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Publication numberUS3144369 A
Publication typeGrant
Publication dateAug 11, 1964
Filing dateApr 18, 1960
Priority dateApr 30, 1959
Publication numberUS 3144369 A, US 3144369A, US-A-3144369, US3144369 A, US3144369A
InventorsEric Simpson Walter, George Foord Stanley
Original AssigneeInt Standard Electric Corp
Export CitationBiBTeX, EndNote, RefMan
External Links: USPTO, USPTO Assignment, Espacenet
Method of forming a coaxial cable
US 3144369 A
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Description  (OCR text may contain errors)

Aug. 11,1964

s. G. FOORD ETAL METHOD OF FORMING A comm. CABLE 2 Sheets-Sheet 1 Filed April 18, 1960 rIIIrIrIZrIv WZI I ZZZW Inventor S.G.FO0RD-VLE.SIMPSON Aug. 11, 1964 s. G. FOORD ETAL 3,144,369

' METHOD. OF FORMING A COAXIAL CABLE Filed April 18, 1960 2 Sheets-Sheet 2 lnvenlor S.G.FOORD-W.E.SII\EPSON United States Patent 3,144,369 METI-IGD F FORMING A COAXIAL CABLE Stanley George Foord and Walter Eric Simpson, London,

England, assignors to International Standard Electric Corporation, New York, N.Y.

Filed Apr. 18, 1960, Ser. No. 23,015 Claims priority, application Great Britain Apr. 30, 1959 4 Claims. (Cl. 156-51) This invention relates to the manufacture of electric conductors insulated by a thermoplastic insulating material expanded into cellular form of lower density than that of the original thermoplastic material.

It is well known to extrude round a conductor or conductors a thermoplastic in which is incorporated a material which produces a gas, the thermoplastic being blown into cellular form under the conditions of extrusion so that there is produced around the conductor an insulating material of low dielectric constant.

If such an insulated conductor is to be used for construction of a coaxial cable, which is the main use thereof, by the application to the exterior of the insulating material of a suitable outer conductor, it is difiicult to ensure accuracy in the external dimensions of the insulating covering and very great care must be exercised in the extrusion and expansion process. For this reason there is a limitation on the degree of expansion obtainable.

According to the present invention granules of a suitable thermoplastic material are fed between the inner and outer conductors.

The granules of suitable thermoplastic material are subjected to some degree of pre-expansion and a limited range of size of these pre-expanded granules fed into the space between inner and outer conductors.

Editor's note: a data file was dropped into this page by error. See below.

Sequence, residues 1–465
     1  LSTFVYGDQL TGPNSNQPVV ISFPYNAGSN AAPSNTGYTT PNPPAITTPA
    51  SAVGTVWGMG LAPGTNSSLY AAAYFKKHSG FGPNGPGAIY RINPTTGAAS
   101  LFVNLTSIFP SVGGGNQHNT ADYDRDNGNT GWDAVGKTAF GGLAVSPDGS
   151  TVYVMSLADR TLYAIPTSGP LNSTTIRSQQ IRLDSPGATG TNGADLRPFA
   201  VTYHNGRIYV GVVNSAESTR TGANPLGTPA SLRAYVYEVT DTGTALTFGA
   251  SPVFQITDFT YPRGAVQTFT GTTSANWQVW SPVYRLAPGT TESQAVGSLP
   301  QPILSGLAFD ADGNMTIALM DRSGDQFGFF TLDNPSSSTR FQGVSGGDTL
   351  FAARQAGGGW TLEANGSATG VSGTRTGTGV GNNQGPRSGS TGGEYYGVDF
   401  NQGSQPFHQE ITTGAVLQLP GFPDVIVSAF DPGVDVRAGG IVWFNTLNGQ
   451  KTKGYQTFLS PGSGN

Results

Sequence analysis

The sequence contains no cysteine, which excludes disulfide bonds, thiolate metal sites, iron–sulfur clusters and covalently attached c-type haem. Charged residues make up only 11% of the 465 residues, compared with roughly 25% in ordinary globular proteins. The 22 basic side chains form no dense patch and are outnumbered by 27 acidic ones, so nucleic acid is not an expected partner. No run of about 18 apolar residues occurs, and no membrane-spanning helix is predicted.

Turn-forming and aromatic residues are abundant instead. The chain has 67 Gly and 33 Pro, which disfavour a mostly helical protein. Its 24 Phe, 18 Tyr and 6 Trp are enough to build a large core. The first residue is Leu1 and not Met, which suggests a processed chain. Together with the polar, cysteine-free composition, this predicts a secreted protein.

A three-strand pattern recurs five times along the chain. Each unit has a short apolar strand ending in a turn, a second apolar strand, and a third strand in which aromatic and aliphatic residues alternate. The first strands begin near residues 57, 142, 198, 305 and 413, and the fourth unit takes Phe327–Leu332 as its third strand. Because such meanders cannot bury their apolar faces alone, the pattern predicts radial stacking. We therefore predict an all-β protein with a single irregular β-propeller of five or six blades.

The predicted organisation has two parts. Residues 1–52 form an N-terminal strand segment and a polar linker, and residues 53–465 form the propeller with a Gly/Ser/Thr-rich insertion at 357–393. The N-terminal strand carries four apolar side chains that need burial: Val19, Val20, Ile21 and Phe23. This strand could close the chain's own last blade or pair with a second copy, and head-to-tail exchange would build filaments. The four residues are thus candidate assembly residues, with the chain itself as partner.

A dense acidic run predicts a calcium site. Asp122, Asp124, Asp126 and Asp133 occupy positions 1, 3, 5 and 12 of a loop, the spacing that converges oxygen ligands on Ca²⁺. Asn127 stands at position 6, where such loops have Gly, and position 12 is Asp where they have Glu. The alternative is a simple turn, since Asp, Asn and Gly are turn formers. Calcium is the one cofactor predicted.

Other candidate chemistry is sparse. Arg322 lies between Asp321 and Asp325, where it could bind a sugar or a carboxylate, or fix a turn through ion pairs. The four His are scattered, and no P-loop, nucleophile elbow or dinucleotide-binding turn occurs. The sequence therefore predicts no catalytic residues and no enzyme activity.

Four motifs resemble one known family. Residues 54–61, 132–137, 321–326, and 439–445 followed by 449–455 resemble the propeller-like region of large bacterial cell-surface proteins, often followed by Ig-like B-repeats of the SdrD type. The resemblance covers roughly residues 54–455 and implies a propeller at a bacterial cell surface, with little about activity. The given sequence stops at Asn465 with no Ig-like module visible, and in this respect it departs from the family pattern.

By way of example, polystyrene in the form of beads with an expanding agent incorporated is heated to a temperature of from 80 C. to 100 C. The preferred method of heating is to submerge the beads in a hot water bath and a period of 4 minutes at 95 C. has been found satisfactory. After pre-expansion and rough drying the beads are allowed to stand whilst freely exposed to the atmosphere to equilibriate the low pressure inside the beads with the external pressure. Either before or after this conditioning period the pre-expanded beads are sieved to select the range of size from inch to 4; inch diameter for use as hereinafter described.

The material of the pre-expanded granules need not be limited to polystyrene and can be any of the known plastic materials which can be made in granular form with some residual blowing agent which permits expansion while in a plastic state and which has satisfactory mechanical and electrical properties; Thus polydichlorostyrenes, styrene/a-methyl styrene copolymer, and other copolymers containing a major proportion of styrene are satisfactory. If the dielectric losses of the cable are of secondary importance a wider range of resins such as polycarbonates, epoxides and polyurethanes can be used. PTFE is not suitable as it cannot be obtained in a form containing a blowing agent. Polythene is also not suitable because of unsatisfactory mechanical properties.

One process for applying the pre-expanded plastic material as cable insulant is described with reference to the accompanying drawings in which:

FIG. 1 shows the process as applied to the making of a coaxial cable with braided outer conductor, and

FIG. 2 shows the process as applied to the making of a coaxial cable with a tubular outer conductor.

Referring to the drawings and first to FIG. 1, the conductor 1 passes vertically downwards through the center of a suitable braiding machine which has been Patented Aug. 11, 1964 adapted to apply the braid below the base plate of the machine. This is contrary to the normal practice when the conductor travels vertically upwards and the braid is applied above the base plate. At a suitable point below the base plate, the conductor passes through a short circular metal tube 2 whose outside diameter is approximately equal to the required outside diameter of the insulation. A funnel 3 is fitted to the top of the tube, .and is continuously fed with suitably screened pre-expanded beads which are uniformly distributed around the conductor as it passes through the tube. A suitable tubular braided outer conductor 4 is formed on the lower part of tube 2 and moves downwards off this tube in the direction of movement of the conductor.

Having now arranged the pre-expanded beads around the centre conductor, and applied the outer restraining conductor, the next stage is to complete the expansion process and form a homogenized structure of expanded dielectric by fusing together the expanded beads. For this purpose, live steam, hot air, or some other suitable source of heat is employed, the essential requirement being that it should provide rapid heat transfer to the expand ing plastic. In the example shown in FIG. 1, live steam is used, and has been found to give satisfactory results. The steam is applied to the cable through the perforated tube 5 surrounded by the steam jacket 6 which is supplied with live steam from an external source. The inside diameter of the perforated tube 5 is approximately equal to the required braided diameter of the cable, a suitable allowance being made for the contraction of the expanded dielectric on cooling from the expansion temperature.

An alternative method of final expansion which gives a rapid heat transfer to the plastic beads is to add water to the pre-expanded beads and vapourising it by the application of external dry heat such as hot air or radiant heat.